It seems like a fun thing todo, which is usually, again, what people say untilthey get a major injury.
But now, will yourehearse the raft? I don't think we haverafting rehearsals.
No? No? No, we're going in cold.
You're just going to get ina raft and go down a river.
I'm sure there willbe a tutorial of sorts where they're like, if thishappens, maybe do this.
And I'm really hoping there'sa life jacket involved.
But other than that, no, Ithink it's just kind of paddle and don't fall out.
And then, well, you don't haveto paddle, because it's rapids.
You just go down.
You have to steer.
I think it stabilizesyou in some way.
Yeah, and are you going to camp? Are you in a tent? There's a whole– Yeah,it's a three day deal.
We're doing it up.
There's a camping element.
I believe there's amountain biking element.
I don't know why.
This does not soundlike a vacation.
Which is what it wasmeant to sound like.
This sounds like work.
Where do the bikes come from? You're going to bringthem on the raft? I think other peopleare in charge of those.
I think those come on a van.
Have you ever camped before? Yes.
OK, so you have been camping? Yes.
And you like that? I like it.
Yeah, I grew up in Missouri.
That was kind of a thing.
First of all, it'srelatively free.
You just need to find someonewith a tent and some matches.
Not to light the tent on fire,hopefully to start a fire.
But yeah, so I spend alot of time outdoors, and I really like it.
It's part of why Iloved moving to LA, because being outside is sucha nice part of living here.
Yeah, well, that sounds fun.
When are you doing this, soon? Soon, yeah.
So keep your eyes and earspeeled toward the news.
See if anythinghorrible happens.
See if anything happens to you.
And you also taughtpreschool for a short time.
This is before you moved here? When I was In college, I hada very weird kind of existence in college, becausemost of my friends were waiters orbartenders or stuff.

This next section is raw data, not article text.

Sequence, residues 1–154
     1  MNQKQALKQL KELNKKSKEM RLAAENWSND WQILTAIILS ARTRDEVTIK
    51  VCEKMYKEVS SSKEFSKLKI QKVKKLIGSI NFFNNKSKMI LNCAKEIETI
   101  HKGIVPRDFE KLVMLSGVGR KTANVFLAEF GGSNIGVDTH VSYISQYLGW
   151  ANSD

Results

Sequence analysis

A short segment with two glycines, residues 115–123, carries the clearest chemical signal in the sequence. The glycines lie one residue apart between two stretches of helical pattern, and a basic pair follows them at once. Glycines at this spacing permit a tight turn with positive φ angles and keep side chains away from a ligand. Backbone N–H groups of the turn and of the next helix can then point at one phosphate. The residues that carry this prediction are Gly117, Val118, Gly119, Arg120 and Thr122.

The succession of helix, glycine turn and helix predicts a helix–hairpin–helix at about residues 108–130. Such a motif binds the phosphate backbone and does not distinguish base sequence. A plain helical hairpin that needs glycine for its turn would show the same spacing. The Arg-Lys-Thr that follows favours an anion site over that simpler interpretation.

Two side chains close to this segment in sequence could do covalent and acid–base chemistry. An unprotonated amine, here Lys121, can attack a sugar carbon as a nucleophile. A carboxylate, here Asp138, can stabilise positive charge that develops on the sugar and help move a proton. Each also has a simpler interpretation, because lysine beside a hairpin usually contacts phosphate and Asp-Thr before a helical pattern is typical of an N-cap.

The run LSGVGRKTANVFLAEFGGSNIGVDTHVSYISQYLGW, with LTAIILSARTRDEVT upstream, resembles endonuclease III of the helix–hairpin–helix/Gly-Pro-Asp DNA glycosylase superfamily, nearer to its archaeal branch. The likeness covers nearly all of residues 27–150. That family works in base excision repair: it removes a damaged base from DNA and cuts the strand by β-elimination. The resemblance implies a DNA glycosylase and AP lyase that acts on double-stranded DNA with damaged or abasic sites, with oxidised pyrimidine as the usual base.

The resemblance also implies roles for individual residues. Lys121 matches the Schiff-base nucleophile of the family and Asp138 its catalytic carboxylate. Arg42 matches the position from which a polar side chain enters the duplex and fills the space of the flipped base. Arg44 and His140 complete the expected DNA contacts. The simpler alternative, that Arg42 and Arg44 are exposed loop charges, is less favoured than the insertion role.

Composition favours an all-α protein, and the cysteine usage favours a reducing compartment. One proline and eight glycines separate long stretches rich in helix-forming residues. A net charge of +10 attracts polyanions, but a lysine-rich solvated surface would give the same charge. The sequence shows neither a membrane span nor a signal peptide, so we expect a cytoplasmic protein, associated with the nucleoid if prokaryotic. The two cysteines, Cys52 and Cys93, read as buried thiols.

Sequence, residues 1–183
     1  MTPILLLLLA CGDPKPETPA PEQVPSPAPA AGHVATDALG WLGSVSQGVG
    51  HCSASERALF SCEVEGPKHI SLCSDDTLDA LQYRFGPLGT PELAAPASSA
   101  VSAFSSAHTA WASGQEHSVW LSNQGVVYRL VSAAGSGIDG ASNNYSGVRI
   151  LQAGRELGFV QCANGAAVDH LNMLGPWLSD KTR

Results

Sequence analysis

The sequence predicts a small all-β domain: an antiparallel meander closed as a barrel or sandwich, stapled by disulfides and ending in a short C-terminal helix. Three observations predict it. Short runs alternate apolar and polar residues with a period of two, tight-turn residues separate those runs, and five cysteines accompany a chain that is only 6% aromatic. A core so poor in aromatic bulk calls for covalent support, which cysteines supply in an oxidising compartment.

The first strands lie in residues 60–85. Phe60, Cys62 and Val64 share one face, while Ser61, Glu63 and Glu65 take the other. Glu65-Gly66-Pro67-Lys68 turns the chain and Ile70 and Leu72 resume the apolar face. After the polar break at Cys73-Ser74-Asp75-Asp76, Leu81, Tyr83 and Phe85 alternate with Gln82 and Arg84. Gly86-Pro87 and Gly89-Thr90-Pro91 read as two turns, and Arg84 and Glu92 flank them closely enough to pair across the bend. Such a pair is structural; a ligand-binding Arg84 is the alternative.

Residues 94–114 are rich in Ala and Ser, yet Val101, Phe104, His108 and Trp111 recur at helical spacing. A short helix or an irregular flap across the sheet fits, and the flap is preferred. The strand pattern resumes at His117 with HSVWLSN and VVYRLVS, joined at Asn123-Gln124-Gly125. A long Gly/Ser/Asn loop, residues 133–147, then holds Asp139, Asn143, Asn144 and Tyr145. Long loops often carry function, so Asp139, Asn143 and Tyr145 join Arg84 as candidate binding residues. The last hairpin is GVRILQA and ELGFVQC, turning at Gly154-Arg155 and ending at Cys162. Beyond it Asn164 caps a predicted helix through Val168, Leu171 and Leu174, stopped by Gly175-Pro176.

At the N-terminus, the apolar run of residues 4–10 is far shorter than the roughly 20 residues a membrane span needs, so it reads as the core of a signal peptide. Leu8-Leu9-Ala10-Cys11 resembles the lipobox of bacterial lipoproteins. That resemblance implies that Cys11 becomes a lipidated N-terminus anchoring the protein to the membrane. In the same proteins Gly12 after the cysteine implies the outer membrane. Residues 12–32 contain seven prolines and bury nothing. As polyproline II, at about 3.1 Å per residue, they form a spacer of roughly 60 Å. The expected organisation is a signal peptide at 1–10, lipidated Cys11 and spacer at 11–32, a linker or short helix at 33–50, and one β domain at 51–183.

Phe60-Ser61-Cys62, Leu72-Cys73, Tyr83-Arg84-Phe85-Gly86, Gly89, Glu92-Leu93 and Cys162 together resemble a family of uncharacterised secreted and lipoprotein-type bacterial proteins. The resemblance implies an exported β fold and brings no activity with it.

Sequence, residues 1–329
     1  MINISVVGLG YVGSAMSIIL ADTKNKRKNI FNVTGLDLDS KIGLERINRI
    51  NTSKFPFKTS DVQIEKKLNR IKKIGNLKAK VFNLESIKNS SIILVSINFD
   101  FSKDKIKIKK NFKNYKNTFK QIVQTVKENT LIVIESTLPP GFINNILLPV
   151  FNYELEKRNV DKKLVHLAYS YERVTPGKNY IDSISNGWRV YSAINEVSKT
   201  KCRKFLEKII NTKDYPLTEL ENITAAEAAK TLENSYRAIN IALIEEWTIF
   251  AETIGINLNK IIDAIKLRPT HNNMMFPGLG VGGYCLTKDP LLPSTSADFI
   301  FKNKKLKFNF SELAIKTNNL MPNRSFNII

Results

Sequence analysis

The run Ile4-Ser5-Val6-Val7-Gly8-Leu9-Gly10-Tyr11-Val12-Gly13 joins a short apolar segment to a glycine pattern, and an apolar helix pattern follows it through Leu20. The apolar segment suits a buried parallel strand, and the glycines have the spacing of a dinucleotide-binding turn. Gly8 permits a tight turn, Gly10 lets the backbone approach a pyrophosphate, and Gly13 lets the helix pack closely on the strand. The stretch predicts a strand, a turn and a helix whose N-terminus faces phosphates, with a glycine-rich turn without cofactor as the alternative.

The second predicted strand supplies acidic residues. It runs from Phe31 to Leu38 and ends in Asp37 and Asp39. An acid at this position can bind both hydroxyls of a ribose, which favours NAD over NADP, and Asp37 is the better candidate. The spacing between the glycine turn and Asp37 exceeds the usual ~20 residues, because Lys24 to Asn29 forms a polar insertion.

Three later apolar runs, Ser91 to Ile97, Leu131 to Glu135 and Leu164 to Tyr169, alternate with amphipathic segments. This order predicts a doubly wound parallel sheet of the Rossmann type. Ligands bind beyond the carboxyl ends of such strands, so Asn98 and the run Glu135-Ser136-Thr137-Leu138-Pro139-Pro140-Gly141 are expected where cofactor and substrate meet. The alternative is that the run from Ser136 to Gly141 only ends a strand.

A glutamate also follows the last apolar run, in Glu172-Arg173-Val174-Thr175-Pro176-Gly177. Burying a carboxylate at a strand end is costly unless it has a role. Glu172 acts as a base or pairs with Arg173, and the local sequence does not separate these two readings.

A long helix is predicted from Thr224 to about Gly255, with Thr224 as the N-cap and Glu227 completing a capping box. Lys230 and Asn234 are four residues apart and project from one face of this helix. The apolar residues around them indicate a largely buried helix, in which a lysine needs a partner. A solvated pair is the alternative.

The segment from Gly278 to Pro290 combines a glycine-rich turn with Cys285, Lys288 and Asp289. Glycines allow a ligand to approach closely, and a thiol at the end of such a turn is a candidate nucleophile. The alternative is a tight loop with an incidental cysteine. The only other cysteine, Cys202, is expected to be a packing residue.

But I was in thetheater program, so I had rehearsals every night.
So I couldn't work at night,and I had class during the day.
So I had a weird kind ofmiddle of the day opening for which to work.
And I grew up with a single mom,and I was always in daycare, after school programs,all that kind of stuff.
And there were never any guys.
It was pretty much afemale-dominated profession.
And so I went to thewoman who ran this place.
It was called Kids Depot.
It had a little redtrain out in front of it in Columbia, Missouri.
And I told her that,and I said, it's nice to have tohave a guy around.
It might be nice for your kids.
And I had long hair, andI was an acting student.
And she was like, this is goingto be a terrible decision, but I'm going to hire you.
And I ended up workingthere for three years.
As a preschool teacher? As a daycare teacher, basically.
Wow, three years? So I was essentiallylike a human jungle gym, basically, because I'm agiant to a five-year-old.
Sure, you're a giant to me.
[LAUGHTER] And then I had to do artprojects and cooking stuff.
It was really fun.
And it was also kind oflike being around kids is so energizing.
Yeah, or draining.
So coming from class– Or draining, one of the two.
But I found it energizing.
I found a lot of thingsenergizing when I was in my 20s that I now findcompletely draining.
But the idea wasthat you're getting as much as you're giving out.
And coming fromsomebody like me who had such a history withbeing in programs like this, it was like it felt funto give back in some way.
That's so sweet.
I love that you did that.
[APPLAUSE] Hi, I'm Andy.
Ellen asked me to remind youto subscribe to her channel so you can see moreawesome videos, like videos of me getting scared or sayingembarrassing things like "ball peen hammer," and alsosome videos of Ellen and other celebrities, ifyou're into that sort of thing.
Rah! [SCREAMS] [MUTED] [MUSIC PLAYING] God [MUTED].